Posted on April 2, 2015 by

Council’s Obligations to Contractors

The NSW Court of Appeal has recently delivered judgement in the case of Central Darling Shire Council v Greeney [2015] NSWCA 51 which confirms the duty of care a council owes to its contractors.

The principal issue in the appeal was whether the Council had an obligation to eliminate or  minimise the foreseeable risk of injury to a contractor carrying out transportation tasks in connection with road repair and maintenance works.

The facts of the case are summarised as follows:

  • The Council had a system for repairing and maintaining roads in remote outback areas which involved a contractor moving vehicles in a road train to enable workers to set up camp between work sites;
  • Over a period of 12 months, the Council employee who supervised this system received repeated complaints from the contractor in relation to defective transportation equipment; and
  • The contractor suffered significant injury to his back when directed by the Council employee to move the vehicles in a road train.

Duty of Care

The Court found that the Council was under an obligation to use reasonable care to avoid and or minimise unnecessary risks of injury to the contractor.

This obligation stemmed from the position of overall control the Council had in organising a system of road repairs and maintenance.

Several factors were found by the Court to demonstrate that the Council owed a duty of care to the contractor:

  • The Council employee, acting on behalf of the Council, exercised control over the contractor in directing the movement of the vehicles;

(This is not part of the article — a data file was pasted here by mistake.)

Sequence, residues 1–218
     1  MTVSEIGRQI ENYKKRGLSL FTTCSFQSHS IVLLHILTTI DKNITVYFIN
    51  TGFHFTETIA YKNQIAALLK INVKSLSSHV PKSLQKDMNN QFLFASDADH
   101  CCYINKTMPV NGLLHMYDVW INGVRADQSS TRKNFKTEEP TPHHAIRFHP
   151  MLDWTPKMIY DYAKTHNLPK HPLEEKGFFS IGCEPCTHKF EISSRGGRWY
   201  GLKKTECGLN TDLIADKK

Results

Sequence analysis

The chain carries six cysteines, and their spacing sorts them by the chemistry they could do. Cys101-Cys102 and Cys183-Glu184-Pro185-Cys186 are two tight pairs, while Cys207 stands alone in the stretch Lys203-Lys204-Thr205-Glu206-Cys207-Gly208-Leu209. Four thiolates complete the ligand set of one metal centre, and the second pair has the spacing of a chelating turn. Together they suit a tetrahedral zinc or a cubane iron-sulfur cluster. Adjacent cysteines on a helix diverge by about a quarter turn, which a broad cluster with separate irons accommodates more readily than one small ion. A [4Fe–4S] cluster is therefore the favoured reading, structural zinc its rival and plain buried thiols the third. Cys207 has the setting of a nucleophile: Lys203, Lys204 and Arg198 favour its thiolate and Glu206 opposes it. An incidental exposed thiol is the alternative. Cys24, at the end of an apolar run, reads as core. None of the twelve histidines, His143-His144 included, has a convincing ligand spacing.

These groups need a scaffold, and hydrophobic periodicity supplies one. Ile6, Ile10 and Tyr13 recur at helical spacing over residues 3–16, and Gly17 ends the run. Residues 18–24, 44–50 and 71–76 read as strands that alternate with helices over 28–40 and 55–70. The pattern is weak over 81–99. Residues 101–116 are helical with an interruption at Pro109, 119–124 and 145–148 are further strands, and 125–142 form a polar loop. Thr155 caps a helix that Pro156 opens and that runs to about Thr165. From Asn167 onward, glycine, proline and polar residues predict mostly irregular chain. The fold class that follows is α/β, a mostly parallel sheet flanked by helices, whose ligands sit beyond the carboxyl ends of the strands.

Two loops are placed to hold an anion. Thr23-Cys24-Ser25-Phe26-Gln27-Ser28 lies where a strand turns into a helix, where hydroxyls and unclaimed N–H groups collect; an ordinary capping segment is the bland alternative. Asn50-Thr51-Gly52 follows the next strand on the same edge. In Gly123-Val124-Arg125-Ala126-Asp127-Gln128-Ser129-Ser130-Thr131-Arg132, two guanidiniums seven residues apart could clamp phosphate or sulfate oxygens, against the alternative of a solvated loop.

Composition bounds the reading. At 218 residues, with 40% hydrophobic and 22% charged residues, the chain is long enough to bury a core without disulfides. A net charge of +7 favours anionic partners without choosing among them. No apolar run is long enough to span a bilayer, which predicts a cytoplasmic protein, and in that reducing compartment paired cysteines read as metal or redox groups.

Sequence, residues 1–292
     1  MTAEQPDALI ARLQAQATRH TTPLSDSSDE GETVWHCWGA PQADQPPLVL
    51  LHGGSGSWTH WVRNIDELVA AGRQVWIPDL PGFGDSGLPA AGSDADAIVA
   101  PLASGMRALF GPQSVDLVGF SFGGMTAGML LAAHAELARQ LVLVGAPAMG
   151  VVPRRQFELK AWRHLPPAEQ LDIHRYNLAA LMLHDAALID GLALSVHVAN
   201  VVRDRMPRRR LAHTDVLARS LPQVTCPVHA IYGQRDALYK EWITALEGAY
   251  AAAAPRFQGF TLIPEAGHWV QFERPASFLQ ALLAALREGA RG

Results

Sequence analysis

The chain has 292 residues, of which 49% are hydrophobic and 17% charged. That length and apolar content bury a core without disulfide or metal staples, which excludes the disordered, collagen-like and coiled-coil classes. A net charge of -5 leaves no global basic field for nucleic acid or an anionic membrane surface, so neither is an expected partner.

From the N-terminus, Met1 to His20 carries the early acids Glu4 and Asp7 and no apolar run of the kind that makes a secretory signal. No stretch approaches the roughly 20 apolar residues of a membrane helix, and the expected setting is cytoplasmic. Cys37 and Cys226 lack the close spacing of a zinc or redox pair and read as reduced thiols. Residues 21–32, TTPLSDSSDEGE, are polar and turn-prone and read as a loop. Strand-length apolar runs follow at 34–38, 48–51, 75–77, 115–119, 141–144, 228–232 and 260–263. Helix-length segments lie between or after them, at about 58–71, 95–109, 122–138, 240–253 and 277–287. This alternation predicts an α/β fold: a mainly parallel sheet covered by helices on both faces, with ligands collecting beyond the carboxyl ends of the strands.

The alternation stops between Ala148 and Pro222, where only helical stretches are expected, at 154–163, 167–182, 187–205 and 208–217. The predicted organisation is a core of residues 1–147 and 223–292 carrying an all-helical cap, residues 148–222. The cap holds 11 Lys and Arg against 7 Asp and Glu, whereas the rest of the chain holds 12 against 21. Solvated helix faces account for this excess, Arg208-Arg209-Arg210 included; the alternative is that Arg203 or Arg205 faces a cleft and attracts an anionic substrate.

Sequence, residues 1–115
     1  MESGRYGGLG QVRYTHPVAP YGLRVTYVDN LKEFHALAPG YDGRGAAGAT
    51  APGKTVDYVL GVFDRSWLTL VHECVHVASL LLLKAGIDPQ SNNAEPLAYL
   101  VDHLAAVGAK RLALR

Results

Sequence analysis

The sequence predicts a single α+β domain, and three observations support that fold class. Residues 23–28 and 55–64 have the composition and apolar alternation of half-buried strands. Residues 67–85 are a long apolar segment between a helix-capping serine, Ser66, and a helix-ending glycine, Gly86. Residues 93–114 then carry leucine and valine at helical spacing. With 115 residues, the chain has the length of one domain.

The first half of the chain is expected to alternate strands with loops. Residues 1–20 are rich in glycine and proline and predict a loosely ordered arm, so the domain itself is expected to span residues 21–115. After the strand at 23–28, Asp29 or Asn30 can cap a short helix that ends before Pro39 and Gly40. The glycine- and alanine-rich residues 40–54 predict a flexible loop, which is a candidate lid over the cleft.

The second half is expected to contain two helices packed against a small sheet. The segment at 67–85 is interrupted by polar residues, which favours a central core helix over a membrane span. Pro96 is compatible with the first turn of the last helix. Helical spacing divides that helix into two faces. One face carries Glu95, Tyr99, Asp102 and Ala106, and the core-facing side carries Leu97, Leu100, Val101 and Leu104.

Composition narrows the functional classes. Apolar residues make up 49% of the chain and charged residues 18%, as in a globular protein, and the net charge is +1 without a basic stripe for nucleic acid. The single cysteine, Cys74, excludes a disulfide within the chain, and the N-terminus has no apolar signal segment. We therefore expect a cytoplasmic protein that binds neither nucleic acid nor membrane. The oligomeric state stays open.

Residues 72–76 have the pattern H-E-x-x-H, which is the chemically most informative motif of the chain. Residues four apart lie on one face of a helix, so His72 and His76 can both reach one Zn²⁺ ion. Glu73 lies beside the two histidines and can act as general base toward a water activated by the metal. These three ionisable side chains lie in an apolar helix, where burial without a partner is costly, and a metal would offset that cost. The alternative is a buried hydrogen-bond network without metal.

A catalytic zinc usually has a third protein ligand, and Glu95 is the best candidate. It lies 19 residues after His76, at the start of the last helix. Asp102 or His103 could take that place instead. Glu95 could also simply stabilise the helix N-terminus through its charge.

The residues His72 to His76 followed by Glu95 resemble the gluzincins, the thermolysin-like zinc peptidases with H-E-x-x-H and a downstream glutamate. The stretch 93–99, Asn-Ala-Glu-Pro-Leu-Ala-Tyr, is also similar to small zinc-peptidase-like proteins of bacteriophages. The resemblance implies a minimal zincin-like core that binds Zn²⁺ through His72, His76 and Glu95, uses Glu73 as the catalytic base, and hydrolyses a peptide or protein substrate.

• Relevantly, this control was exercised in a context where the Council employee’s knowledge of the tanker’s defective coupling structure brought with it a foreseeable risk of injury to the contractor;
  • Alternatively, the contractor was in a position of vulnerability as “he had no choice but to obey” the direction. As such, the contractor was reliant upon the Council exercising reasonable care in setting up safe work conditions;
  • Council enjoyed a direct financial advantage from the transport arrangement adopted; less time and costs were involved in moving all the vehicles at once. A simple, yet more costly, precaution would have been to contract additional workers to assist the sole contractor; and
  • As a matter of common sense, the contract between the Council and the contractor implied a term that Council was required to provide vehicles that were fit for use.

This case is a useful reminder of how councils can become exposed to liability once they assume a position of control over a system of public works.

Whilst the Courts have recognised that the duty of care owed by a council to a contractor is not as stringent as that owed to an employee, councils are nonetheless under obligations to take precautions against serious harm to those that they contract to do public works.